European Integration, Nationalism, and European Identity
Early theorists of European integration speculated that economic integration would lead to political integration and a European identity.Â A European identity has not displaced national identities in the EU, but, for a significant share of EU citizens, a European identity exists alongside a national identity.Â At the same time, political parties asserting more traditional nationalist identities and policies have directed their dissatisfaction against immigrants, foreigners, and, sometimes, the EU. Those who participate in â€œEuropeâ€ are more likely to develop a European identity, while those whose economic and social horizons are essentially local are more likely to assert nationalist identities.Â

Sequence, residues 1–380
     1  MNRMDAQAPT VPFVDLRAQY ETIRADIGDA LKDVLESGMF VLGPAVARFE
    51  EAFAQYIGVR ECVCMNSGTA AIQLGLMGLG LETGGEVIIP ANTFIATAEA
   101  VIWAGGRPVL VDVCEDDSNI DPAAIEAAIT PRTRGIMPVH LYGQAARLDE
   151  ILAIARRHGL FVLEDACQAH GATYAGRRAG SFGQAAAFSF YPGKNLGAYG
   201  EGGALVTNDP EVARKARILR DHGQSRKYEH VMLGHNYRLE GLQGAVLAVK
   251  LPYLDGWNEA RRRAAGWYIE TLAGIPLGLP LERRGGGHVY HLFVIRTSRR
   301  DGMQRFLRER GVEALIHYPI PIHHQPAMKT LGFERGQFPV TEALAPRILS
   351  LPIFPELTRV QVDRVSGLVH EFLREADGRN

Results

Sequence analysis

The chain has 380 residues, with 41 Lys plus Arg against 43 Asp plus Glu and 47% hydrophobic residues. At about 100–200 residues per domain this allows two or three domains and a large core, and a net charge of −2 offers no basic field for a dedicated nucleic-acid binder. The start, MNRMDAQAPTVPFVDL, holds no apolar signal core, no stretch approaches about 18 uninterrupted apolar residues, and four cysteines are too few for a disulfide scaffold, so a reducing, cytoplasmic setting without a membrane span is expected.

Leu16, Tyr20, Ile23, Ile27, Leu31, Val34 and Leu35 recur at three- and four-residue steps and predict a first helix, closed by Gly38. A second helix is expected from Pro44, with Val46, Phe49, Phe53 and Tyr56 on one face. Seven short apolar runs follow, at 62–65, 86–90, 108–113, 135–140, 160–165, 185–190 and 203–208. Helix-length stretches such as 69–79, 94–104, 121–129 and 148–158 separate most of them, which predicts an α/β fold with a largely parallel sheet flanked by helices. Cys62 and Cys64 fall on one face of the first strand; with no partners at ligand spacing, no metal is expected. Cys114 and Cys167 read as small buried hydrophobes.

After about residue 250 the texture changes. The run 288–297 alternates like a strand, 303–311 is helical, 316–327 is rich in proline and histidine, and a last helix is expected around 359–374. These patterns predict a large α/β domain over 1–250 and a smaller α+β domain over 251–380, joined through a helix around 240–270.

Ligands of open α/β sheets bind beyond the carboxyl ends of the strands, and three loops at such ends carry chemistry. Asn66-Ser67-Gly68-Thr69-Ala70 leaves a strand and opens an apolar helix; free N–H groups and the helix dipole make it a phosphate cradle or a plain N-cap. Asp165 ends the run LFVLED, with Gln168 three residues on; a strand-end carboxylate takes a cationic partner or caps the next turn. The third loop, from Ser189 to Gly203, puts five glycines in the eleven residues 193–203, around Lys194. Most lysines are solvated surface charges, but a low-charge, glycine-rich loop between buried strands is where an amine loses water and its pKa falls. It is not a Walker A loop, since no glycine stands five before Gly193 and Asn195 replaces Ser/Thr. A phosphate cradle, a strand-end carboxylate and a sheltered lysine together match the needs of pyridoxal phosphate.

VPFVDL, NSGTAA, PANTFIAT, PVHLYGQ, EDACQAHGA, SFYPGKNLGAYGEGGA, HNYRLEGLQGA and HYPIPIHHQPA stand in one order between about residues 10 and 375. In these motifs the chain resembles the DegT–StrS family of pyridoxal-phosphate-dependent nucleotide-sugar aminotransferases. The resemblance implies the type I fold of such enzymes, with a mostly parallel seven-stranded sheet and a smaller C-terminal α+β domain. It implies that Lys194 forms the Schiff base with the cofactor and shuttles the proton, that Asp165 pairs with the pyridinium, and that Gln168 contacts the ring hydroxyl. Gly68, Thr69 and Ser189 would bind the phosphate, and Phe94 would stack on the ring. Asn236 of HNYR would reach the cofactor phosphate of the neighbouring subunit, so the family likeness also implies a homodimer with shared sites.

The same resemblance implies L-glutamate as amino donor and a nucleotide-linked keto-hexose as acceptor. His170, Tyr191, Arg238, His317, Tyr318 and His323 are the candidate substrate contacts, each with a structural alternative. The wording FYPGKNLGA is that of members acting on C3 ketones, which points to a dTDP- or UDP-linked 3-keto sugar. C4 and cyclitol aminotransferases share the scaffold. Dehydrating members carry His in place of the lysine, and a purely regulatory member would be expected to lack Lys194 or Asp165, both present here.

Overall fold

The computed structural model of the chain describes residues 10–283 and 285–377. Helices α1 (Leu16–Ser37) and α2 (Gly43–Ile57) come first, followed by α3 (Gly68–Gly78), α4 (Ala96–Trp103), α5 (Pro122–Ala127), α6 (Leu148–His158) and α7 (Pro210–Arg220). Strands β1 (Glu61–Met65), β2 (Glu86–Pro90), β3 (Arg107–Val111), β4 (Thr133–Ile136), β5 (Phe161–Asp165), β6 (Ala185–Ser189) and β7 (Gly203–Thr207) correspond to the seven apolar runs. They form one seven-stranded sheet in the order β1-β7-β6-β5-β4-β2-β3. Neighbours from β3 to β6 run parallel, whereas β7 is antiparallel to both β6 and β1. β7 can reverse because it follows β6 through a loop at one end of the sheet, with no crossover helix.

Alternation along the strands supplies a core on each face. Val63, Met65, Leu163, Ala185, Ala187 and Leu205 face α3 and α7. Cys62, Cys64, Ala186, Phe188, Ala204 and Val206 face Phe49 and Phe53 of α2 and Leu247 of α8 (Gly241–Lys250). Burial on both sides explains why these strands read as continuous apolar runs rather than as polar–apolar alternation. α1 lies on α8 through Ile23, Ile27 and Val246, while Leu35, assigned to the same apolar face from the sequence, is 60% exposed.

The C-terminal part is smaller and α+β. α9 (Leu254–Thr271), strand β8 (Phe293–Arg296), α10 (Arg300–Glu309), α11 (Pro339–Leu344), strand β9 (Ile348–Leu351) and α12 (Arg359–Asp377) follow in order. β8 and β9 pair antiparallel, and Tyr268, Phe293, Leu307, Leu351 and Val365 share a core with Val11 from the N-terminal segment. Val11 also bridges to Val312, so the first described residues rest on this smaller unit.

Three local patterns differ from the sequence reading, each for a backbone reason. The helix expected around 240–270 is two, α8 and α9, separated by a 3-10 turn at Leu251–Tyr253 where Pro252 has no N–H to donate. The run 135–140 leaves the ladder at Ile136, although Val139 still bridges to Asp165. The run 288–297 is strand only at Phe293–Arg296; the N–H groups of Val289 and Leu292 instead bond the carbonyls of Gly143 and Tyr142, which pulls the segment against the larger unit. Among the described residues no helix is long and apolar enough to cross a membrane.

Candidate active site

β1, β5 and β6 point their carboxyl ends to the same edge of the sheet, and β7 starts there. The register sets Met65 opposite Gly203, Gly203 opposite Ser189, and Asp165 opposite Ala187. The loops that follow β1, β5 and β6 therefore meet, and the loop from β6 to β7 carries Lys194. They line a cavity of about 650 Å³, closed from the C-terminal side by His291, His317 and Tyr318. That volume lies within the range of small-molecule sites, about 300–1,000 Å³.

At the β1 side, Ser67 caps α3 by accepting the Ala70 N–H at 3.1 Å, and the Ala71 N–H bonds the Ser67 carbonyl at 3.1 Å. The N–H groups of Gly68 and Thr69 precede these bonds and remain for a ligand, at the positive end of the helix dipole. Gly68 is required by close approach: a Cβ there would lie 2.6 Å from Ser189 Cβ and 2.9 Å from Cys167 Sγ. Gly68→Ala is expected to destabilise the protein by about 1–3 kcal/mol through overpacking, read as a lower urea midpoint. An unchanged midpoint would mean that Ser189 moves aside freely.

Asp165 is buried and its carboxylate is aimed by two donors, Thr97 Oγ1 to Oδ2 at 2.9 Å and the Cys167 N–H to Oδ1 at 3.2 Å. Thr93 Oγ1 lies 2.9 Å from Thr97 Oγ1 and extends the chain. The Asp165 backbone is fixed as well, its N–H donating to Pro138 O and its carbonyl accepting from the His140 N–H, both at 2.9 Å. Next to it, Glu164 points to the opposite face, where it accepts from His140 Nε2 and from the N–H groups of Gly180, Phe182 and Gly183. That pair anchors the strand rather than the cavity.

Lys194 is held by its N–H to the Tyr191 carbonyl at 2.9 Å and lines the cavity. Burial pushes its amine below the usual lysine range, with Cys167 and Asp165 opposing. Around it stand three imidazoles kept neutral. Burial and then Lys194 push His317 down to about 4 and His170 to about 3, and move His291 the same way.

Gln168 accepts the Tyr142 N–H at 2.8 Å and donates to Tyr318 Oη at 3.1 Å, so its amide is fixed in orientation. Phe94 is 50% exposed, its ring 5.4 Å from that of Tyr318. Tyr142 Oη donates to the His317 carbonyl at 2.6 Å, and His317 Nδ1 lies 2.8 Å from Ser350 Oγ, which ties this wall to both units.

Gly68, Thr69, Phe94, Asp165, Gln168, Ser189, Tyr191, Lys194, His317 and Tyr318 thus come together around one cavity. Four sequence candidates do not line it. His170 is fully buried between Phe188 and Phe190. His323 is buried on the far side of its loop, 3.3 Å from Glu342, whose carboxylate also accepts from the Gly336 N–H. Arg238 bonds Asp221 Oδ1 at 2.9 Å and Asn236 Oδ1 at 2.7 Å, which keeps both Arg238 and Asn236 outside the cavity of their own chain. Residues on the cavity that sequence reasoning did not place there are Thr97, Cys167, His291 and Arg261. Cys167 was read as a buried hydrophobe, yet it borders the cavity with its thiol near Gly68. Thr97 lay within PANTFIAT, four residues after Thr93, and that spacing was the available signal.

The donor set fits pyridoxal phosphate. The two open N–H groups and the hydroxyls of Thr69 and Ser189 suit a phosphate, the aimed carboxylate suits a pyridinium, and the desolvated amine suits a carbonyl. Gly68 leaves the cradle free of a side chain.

|Date of creation:||02 Sep 2011|
|Date of revision:|
|Contact details of provider:|| Postal: 2521 Channing Way # 5555, Berkeley, CA 94720-5555|
Web page: http://www.escholarship.org/repec/iir_iirwps/
More information through EDIRC
References listed on IDEAS
Please report citation or reference errors to , or , if you are the registered author of the cited work, log in to your RePEc Author Service profile, click on "citations" and make appropriate adjustments.:
- Haas, Ernst B., 1961. "International Integration: The European and the Universal Process," International Organization, Cambridge University Press, vol. 15(03), pages 366-392, June.
When requesting a correction, please mention this item's handle: RePEc:cdl:indrel:qt1h47s4ck. See general information about how to correct material in RePEc.
For technical questions regarding this item, or to correct its authors, title, abstract, bibliographic or download information, contact: (Lisa Schiff)
If references are entirely missing, you can add them using this form.